The joint letter spearheaded by ASAM and the Overdose Prevention Initiative urges Senate Finance and HELP Committee leaders to enact bipartisan policies that expand access to evidence-based addiction treatment
Rockville, MD – Today, more than 250 organizations from across the nation and the entire healthcare continuum have sent a letter to bipartisan leaders of the Senate Finance and Health, Education Labor and Pensions (HELP) Committees, urging them to bring forward the reauthorization of the Substance Use-Disorder Prevention That Promotes Opioid Recovery and Treatment for Patients and Communities Act (SUPPORT Act; P.L. 115-271) as soon as possible. The landmark legislation that passed with overwhelming bipartisan support in 2018 lapsed on September 30 amidst the nation’s accelerating addiction and overdose crisis.
The letter, which was spearheaded by the American Society of Addiction Medication (ASAM) and the Overdose Prevention Initiative at the Global Health Advocacy Incubator, also calls on the Senate to advance bipartisan policies that increase access to medications for treating opioid use disorder.
“The SUPPORT Act must not only be reauthorized, but also expanded to include bipartisan policies that increase access to medications for treatment of opioid use disorder. By expanding the SUPPORT Act reauthorization, Congress can remove barriers to lifesaving treatment for Americans at greatest risk of fatal overdose, including individuals who are incarcerated and those exposed to fentanyl. Failing to do so forfeits one of the few opportunities your committees have this Congress to pass new and necessary approaches to the overdose crisis,” the groups wrote.
In addition to ASAM and the Overdose Prevention Initiative, the letter was signed by more than 250 other organizations, including the American Academy of Pediatrics, American College of Clinical Pharmacy, American College of Emergency Physicians, American Psychological Association Services, National Alliance on Mental Illness, National Association for Behavioral Healthcare, National Association of Addiction Treatment Providers, National Association of State Mental Health Program Directors, National Council for Mental Wellbeing, National Harm Reduction Coalition, National Safety Council, Partnership to End Addiction, Shatterproof, The Kennedy Forum, and Young People in Recovery.
“Reauthorizing the SUPPORT Act and advancing bipartisan solutions to expand access to evidence-based addiction treatment is critical to saving lives,” said Brian Hurley, MD, MBA, FAPA, DFASAM, president of ASAM. “We remain in the worst overdose crisis in the history of our country. Research shows that people with addiction who receive evidence-based care are less likely to die from overdose than those who remain untreated. If we are to reverse the trend of overdose deaths, Congress must support new pathways that increase access to treatment for people with addiction, including during incarceration and with medication as clinically appropriate.”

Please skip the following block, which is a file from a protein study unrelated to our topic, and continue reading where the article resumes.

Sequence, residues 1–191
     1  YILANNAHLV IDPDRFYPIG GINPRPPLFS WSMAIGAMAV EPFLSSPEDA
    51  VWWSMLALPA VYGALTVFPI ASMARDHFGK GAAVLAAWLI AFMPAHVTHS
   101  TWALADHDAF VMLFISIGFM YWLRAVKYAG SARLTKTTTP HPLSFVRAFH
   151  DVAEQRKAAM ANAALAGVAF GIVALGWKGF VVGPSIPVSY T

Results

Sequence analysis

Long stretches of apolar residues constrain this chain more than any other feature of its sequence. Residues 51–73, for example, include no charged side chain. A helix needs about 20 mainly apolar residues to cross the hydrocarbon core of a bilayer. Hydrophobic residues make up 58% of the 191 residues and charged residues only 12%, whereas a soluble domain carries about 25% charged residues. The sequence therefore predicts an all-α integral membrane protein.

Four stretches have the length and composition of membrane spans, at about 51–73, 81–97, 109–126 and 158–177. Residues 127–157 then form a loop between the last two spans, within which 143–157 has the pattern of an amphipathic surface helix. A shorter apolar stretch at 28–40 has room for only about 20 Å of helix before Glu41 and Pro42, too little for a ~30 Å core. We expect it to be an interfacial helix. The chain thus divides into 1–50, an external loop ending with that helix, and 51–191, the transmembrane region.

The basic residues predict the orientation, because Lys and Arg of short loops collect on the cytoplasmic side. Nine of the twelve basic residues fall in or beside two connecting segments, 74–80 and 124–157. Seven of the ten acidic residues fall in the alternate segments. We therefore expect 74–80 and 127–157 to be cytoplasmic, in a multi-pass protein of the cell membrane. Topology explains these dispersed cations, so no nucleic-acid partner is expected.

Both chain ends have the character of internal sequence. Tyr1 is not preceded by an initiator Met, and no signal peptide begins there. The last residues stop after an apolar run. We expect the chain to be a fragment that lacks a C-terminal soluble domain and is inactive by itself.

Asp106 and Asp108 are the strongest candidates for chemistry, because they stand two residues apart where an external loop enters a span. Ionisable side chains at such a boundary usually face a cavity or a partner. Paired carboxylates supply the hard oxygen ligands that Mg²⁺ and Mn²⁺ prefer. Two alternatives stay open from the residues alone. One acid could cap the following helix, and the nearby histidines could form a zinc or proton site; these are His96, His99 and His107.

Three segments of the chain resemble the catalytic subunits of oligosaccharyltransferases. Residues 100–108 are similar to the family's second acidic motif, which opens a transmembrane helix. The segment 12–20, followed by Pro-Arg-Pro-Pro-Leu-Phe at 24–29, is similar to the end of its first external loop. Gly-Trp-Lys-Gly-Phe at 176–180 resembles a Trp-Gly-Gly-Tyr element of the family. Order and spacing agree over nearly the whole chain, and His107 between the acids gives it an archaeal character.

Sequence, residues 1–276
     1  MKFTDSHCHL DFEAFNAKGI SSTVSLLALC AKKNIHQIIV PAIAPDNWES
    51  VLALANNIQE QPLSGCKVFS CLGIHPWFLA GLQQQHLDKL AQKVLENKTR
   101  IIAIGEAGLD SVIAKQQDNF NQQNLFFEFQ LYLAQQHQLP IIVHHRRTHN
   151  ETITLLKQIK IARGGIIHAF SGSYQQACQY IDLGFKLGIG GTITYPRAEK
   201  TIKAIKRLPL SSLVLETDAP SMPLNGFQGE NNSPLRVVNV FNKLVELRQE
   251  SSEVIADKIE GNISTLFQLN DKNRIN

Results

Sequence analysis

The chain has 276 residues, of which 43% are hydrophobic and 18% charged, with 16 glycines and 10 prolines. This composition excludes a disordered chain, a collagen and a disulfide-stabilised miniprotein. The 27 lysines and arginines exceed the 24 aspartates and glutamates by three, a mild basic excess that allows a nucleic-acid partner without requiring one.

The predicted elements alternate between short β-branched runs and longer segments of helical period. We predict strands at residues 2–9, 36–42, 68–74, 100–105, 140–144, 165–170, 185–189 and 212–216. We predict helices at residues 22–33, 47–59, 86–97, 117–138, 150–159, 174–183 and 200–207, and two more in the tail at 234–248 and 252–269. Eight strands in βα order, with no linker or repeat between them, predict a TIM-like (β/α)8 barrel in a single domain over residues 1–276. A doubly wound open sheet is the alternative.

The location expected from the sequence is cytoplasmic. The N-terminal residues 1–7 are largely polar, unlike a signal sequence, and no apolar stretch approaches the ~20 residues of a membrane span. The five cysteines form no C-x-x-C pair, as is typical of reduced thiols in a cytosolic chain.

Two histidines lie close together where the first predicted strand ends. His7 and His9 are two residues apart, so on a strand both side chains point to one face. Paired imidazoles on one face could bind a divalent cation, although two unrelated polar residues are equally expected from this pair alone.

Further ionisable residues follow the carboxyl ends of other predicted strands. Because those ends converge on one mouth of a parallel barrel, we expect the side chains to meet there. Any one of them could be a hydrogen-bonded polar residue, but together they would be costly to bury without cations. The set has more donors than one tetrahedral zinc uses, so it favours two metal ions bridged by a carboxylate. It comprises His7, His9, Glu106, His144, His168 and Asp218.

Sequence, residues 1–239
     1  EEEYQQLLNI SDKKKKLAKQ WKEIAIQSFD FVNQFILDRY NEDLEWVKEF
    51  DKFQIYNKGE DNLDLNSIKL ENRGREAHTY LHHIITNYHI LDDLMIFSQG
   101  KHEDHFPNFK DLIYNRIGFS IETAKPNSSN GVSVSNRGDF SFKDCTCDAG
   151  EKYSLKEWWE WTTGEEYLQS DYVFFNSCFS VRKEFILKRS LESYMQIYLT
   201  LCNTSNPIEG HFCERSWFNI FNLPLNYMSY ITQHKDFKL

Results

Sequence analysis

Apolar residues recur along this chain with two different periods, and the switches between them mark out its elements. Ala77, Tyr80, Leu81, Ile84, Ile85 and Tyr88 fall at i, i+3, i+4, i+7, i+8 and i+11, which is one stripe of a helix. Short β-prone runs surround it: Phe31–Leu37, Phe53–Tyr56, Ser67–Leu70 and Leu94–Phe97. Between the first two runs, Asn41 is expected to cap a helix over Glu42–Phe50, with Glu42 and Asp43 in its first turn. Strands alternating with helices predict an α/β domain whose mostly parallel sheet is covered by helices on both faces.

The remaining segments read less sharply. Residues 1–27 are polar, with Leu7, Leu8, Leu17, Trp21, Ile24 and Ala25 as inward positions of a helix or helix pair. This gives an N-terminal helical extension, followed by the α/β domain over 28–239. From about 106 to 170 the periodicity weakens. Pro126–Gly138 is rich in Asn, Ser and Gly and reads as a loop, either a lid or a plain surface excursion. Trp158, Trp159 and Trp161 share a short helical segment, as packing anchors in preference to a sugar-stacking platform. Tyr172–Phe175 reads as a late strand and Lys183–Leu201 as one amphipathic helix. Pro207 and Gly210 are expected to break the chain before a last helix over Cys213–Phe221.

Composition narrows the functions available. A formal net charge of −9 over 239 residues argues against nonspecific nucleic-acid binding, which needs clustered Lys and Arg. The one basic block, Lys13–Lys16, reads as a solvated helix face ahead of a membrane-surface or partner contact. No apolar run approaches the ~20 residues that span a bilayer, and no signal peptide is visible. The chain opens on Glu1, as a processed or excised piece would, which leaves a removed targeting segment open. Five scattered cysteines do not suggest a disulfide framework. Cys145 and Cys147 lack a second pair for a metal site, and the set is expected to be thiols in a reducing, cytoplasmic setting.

“In 2018, the original SUPPORT Act passed with overwhelming bipartisan support amid a worsening overdose crisis. Five years later, we are still losing too many family members and friends to preventable overdoses,” says Libby Jones, Program Director at the Overdose Prevention Initiative. “A reauthorized SUPPORT Act will deliver critical funding and resources to community-based organizations that are on the frontlines of the overdose crisis. Reauthorization also creates an opportunity for Congress to advance far-reaching policy change that supports federal efforts to end the overdose crisis. We need a bold response to this urgent crisis, and this is the first step.”
There is an urgent need for Congress to advance policies to increase Americans’ access to evidence-based addiction treatment. The Centers for Disease Control and Prevention (CDC) estimate that more than 112,000 drug overdose deaths occurred in the U.S. in the 12-month period ending May 2023—an all-time high.
# # #
About the American Society of Addiction Medicine
The American Society of Addiction Medicine (ASAM), founded in 1954, is a professional medical society representing over 7,000 physicians, clinicians, and associated professionals in the field of addiction medicine. ASAM is dedicated to increasing access and improving the quality of addiction treatment, educating physicians and the public, supporting research and prevention, and promoting the appropriate role of physicians in the care of patients with addiction. For more information, visit www.ASAM.org.
About the Overdose Prevention Initiative
Established in 2021, the Overdose Prevention Initiative at the Global Health Advocacy Incubator advances policy solutions that save lives and end the U.S. overdose crisis. The Initiative is dedicated to reducing inequities and disparities in substance use disorder care and expanding access to harm reduction services and substance use disorder treatment. The Overdose Prevention Initiative is funded by Bloomberg Philanthropies and is a partnership between the Global Health Advocacy Incubator and the Tobacco Free Kids Action Fund.